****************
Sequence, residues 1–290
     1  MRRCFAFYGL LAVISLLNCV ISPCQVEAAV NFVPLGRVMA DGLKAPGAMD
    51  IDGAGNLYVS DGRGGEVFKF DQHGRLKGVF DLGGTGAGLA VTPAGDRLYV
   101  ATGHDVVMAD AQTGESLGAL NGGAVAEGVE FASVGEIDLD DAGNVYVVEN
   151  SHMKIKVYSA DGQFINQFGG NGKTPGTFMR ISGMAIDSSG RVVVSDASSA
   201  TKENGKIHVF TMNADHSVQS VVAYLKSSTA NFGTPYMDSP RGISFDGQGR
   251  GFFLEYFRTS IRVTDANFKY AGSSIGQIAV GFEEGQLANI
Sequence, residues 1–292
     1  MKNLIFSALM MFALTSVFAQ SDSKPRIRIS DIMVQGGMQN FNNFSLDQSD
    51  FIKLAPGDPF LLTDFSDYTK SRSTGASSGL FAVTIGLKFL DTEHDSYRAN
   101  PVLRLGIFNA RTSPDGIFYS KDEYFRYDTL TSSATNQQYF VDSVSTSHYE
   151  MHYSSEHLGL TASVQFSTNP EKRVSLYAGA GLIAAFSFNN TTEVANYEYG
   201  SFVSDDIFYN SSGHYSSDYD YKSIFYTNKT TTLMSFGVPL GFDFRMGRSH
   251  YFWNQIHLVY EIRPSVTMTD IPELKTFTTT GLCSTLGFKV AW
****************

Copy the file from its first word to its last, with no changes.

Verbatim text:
Sequence, residues 1–290
     1  MRRCFAFYGL LAVISLLNCV ISPCQVEAAV NFVPLGRVMA DGLKAPGAMD
    51  IDGAGNLYVS DGRGGEVFKF DQHGRLKGVF DLGGTGAGLA VTPAGDRLYV
   101  ATGHDVVMAD AQTGESLGAL NGGAVAEGVE FASVGEIDLD DAGNVYVVEN
   151  SHMKIKVYSA DGQFINQFGG NGKTPGTFMR ISGMAIDSSG RVVVSDASSA
   201  TKENGKIHVF TMNADHSVQS VVAYLKSSTA NFGTPYMDSP RGISFDGQGR
   251  GFFLEYFRTS IRVTDANFKY AGSSIGQIAV GFEEGQLANI
Sequence, residues 1–292
     1  MKNLIFSALM MFALTSVFAQ SDSKPRIRIS DIMVQGGMQN FNNFSLDQSD
    51  FIKLAPGDPF LLTDFSDYTK SRSTGASSGL FAVTIGLKFL DTEHDSYRAN
   101  PVLRLGIFNA RTSPDGIFYS KDEYFRYDTL TSSATNQQYF VDSVSTSHYE
   151  MHYSSEHLGL TASVQFSTNP EKRVSLYAGA GLIAAFSFNN TTEVANYEYG
   201  SFVSDDIFYN SSGHYSSDYD YKSIFYTNKT TTLMSFGVPL GFDFRMGRSH
   251  YFWNQIHLVY EIRPSVTMTD IPELKTFTTT GLCSTLGFKV AW